Note: Today’s guest post comes from Chris from Joybilee Farm. She lives on 140 acres in Southern BC, Canada. Chris Dalziel is a veteran homeschool Mom with 3 graduates, a published writer, with 30 years of homesteading under her nails. Living in a log house, in the mountains and surrounded by pines, and pasture, Chris was a city mouse who migrated to the country, as a young mom. Chris is also an award winning fiber-artist who raises her own medium from her organic garden, and from her own sheep, goats, llamas, and angora bunnies. Chris is passionate about ethical, holistic husbandry — her sheep have garlic breath. Her passion is to revive the skills and knowledge of the “Lost Arts” of homesteading and present this plainly, so that others can master them and live joyfully and courageously in these perilous times.
Sweet marjoram has been cultivated since ancient times. Considered to enhance marital bliss, it was well known in ancient Egypt and Greece and is essential for Middle Eastern and Mediterranean cuisine. Related to oregano, it has a similar flavour but it is sweeter and less pungent. Dried marjoram has a more concentrated flavour than the fresh herb and should be used sparingly in cooking.
Marjoram, in its native climate (zone 9 to 11), grows into a small bush about 18 inches in height, but most of us never see it in its optimal growing conditions. It has small oval leaves, similar to oregano. Sweet marjoram has white flowers, while common marjoram or “Wild Oregano” has pink to purple flowers. When grown as an annual, from seed, marjoram reaches 12 inches in height.
3 Kinds of Marjoram
There are 3 main varieties of marjoram. Pot marjoram (Origanum onites) is a native of Sicily and is a hardy perennial. It has a sharper, less sweet flavour than both oregano and sweet marjoram. Pot marjoram is suitable for growing in containers. It is used in many Greek dishes. It grows wild in Greece. Sweet marjoram (Majorana hortenis)(zone 9 to 11) is a native of Portugal and Spain. A similar species also called Sweet Marjoram or Knotted Marjoram (Origanum marjorana) (zone 9 to 11) is used extensively in French cooking. It has a more delicate flavour than the other marjoram and should be added at the end of the cooking time, to preserve its delicate flavour. The third kind of marjoram is Common marjoram, also called “Wild Oregano” (Origanum vulgare)(zone 4 to 8). It has the strongest, most camphorous flavour and is used predominantly in Italian cooking or for medicinal use. This is the oregano that medicinal “oil of oregano” is extracted from.
How to Grow Marjoram in Zones 3 to 8
Unless the Latin name of the marjoram that you are planting is given, you can assume that it is knotted marjoram or sweet marjoram and is tender to frost. Only the Richters Herbs seed catalogue gives the Latin name of the marjoram that it sells. So treat any marjoram that you find as a tender annual, unless the Latin name is given, and plant early indoors to give it a good start in your shorter growing season.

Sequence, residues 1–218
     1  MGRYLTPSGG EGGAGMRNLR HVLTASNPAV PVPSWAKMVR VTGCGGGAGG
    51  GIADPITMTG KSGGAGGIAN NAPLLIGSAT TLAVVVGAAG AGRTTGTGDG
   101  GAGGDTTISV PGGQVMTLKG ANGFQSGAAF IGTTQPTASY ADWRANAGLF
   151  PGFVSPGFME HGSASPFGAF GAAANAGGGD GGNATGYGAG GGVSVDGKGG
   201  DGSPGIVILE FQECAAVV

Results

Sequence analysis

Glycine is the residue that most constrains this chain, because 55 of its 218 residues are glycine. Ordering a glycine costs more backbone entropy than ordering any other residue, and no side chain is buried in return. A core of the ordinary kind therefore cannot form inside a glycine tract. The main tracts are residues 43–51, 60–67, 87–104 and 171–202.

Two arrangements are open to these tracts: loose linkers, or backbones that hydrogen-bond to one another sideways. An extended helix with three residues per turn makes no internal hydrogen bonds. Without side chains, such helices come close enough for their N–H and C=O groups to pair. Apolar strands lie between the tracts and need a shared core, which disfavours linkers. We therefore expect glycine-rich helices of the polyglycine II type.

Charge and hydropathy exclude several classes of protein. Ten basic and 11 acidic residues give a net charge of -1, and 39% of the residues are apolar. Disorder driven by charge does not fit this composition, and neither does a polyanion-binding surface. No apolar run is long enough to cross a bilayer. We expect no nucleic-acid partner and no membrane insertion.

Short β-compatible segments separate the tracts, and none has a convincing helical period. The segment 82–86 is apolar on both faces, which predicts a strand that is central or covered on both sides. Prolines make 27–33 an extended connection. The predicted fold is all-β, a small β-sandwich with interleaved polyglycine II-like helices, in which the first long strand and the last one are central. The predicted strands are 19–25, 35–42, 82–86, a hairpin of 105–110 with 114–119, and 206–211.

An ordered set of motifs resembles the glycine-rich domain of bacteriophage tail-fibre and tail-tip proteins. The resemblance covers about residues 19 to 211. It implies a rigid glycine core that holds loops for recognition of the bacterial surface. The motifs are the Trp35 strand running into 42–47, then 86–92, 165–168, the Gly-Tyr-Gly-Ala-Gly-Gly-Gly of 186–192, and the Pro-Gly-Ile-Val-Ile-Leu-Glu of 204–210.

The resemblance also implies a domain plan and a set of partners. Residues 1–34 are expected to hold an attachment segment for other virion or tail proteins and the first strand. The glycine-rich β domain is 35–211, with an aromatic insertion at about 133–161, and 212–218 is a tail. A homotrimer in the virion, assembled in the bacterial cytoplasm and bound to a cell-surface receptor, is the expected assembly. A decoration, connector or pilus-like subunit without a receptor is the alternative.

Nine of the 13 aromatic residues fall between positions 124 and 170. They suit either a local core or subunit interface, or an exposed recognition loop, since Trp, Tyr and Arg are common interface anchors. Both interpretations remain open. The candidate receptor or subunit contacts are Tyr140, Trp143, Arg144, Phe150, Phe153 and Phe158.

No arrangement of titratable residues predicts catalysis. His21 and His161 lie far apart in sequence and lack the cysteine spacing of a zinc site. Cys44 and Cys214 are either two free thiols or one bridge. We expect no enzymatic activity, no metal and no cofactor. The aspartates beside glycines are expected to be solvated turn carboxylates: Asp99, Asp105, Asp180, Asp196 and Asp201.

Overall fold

Marjoram is a native to the Mediterranean region and dies back in frost. Start marjoram seeds indoors, under lights, in March or April. The seeds are slow to germinate. To prevent damping off disease while you wait for the seedlings to emerge, sprinkle a bit of cinnamon on the soil when you plant the seeds. While, you can start the seeds outdoors in warm soil after all danger of frost is past, if you have a short growing season, the plants may not get to flowering stage before they are frost-killed. Since the first harvest of the plant is usually done just as the flowers appear, your efforts will be stifled if you wait to plant them.
You can also obtain marjoram as seedlings from your local garden store. Garden store seedlings are usually grown from rooted cuttings and are already vigorous when they are ready for setting out. These should be planted out after all danger of frost is past and the soil is warmed up. Starting with cuttings instead of beginning with seeds allows you to harvest sooner.
Hardening off Your Seedlings
Whether you start marjoram from seeds indoors, or buy starts from the garden store, the young plants should be hardened off before planting them in the ground. Acclimate your plants to the strength of the sun and the drying nature of the wind by putting them outdoors in the shade for a week. Be sure to bring them back indoors at night to prevent shock or put them in a greenhouse and cover at night. Once the plants have been hardened off, you can plant marjoram in full sun in prepared soil.
How to Prepare the Ground for Planting Marjoram
Marjoram prefers to well drained, porous, pH neutral soil. Prepare the ground by liming well the season before, if your soil tends to be acidic. Incorporate some grit or find gravel into the soil if you have clay soil. Mound up the soil in the planting area and plant your seedlings into the mound, or alternatively, plant marjoram in a raised bed. Marjoram, like other Mediterranean herbs, doesn’t require rich soil and produces more flavour when the ground is less fertile.
Marjoram is a preferred companion plant for vegetables. Its pungent scent confuses caterpillars and pests. Consider planting a few marjoram seedlings among your lettuce, root vegetables, and bush beans – plants that won’t shade them out as the growing season progresses. Marjoram will only reach about 12 inches high, when grown as an annual.